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SpaceX to attempt another launch on Tuesday

Elon Musk's space start-up will be first private company to dock with International Space Station

Technology trends and news by Steven Loeb
May 20, 2012
Short URL: http://vator.tv/n/26dd

With the U.S. space shuttle program officially retired, private companies are being asked to fill the void. If all goes as planned, the first privately owned spaceship could dock at the International Space Station this week.

As we saw on Saturday, though, there is a lot that can go wrong.

SpaceX’s Falcon 9 was set to launch, but was aborted a half-second before liftoff, due to a faulty valve that caused high pressure in the spaceship’s fifth engine.

“This is not a failure,” Gwynne Shotwell, president of Hawthorne, California-based SpaceX, said during a  press conference.

“We aborted with purpose. It would be a failure if we were to have lifted off with an engine trending in this direction.”

Now, replacing the valve that caused the problem, SpaceX is going to attempt another launch this week, they announced.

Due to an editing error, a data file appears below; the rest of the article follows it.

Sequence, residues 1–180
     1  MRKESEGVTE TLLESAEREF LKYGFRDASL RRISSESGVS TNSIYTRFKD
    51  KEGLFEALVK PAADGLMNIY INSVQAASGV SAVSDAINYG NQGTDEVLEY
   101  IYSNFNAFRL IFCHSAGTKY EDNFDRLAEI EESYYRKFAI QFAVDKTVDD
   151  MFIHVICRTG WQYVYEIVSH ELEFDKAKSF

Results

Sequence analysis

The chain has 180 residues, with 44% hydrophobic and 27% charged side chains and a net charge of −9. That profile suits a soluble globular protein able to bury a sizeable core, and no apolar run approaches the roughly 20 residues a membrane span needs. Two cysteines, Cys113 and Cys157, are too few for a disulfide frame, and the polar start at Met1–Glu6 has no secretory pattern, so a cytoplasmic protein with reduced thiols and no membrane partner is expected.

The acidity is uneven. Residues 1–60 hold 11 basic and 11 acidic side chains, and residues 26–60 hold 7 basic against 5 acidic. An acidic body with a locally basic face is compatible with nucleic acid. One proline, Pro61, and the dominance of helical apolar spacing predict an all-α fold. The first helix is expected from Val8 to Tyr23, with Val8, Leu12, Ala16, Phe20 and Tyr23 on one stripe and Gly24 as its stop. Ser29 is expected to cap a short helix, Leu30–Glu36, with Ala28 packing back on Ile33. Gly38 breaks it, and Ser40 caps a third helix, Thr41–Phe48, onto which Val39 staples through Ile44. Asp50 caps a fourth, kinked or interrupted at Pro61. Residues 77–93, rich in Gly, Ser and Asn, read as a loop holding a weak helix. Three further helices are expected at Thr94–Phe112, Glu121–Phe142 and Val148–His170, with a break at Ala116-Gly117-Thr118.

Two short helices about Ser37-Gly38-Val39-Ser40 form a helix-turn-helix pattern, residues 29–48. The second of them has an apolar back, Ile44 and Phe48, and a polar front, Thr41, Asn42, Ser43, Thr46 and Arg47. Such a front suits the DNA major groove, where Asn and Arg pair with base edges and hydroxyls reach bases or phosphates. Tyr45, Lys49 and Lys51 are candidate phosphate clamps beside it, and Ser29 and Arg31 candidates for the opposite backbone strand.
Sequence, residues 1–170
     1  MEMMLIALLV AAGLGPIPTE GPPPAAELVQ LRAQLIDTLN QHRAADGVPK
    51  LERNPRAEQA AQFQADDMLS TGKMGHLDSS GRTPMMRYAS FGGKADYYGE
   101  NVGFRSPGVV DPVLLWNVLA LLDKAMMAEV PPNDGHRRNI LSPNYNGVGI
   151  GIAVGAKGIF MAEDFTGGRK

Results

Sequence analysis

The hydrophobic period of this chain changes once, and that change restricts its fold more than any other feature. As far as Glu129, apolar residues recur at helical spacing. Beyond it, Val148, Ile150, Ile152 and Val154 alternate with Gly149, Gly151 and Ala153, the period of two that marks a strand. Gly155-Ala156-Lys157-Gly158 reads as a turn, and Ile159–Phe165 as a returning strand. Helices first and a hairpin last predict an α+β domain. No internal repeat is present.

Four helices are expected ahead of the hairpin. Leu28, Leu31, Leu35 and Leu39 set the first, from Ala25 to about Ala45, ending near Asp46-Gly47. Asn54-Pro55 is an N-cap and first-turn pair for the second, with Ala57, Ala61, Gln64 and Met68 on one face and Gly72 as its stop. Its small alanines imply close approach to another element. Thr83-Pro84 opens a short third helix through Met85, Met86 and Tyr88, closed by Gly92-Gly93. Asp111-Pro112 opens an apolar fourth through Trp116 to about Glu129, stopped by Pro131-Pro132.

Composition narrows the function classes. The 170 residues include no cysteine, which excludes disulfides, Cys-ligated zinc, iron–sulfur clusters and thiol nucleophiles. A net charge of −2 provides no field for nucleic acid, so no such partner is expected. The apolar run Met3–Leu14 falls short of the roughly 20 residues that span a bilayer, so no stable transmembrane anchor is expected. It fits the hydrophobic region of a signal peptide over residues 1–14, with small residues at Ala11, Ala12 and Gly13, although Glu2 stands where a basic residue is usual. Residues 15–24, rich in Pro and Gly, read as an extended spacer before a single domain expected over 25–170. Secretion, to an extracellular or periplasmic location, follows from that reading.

The company statement simply reads, “Engineers replacing failed valve on engine #5 following today’s abort. Data review Sunday, if all looks good next attempt is Tues. May 22 at 3:44 AM ET.”

If the launch is successful, the docking would take place on Friday.

SpaceX's Falcon 9 rocket will send the unmanned Dragon capsule toward the station in order to deliver supplies, including food, clothes and science equipment to the space station.

The mission is being sponsored by NASA's COTS (Commercial Orbital Transportation Services) program, which seeks to find commercial U.S. vehicles that can take over the space program after the program was retired this year.

SpaceX was awarded a COTS contract in 2006 and in 2010 became the first privately owned company to launch, orbit and recover a spaceship.

The launch this week is the final test for the company before it can start making these kinds of deliveries regularly. They are under contract to fly twelve missions, while will net them $1.6 billion.

The mission is the final test flight scheduled for SpaceX before it can begin running regular delivery missions to the outpost. The company is contracted to fly at least 12 of these for NASA at a total price tag of $1.6 billion.

(Image source: uspropertyshop.com)


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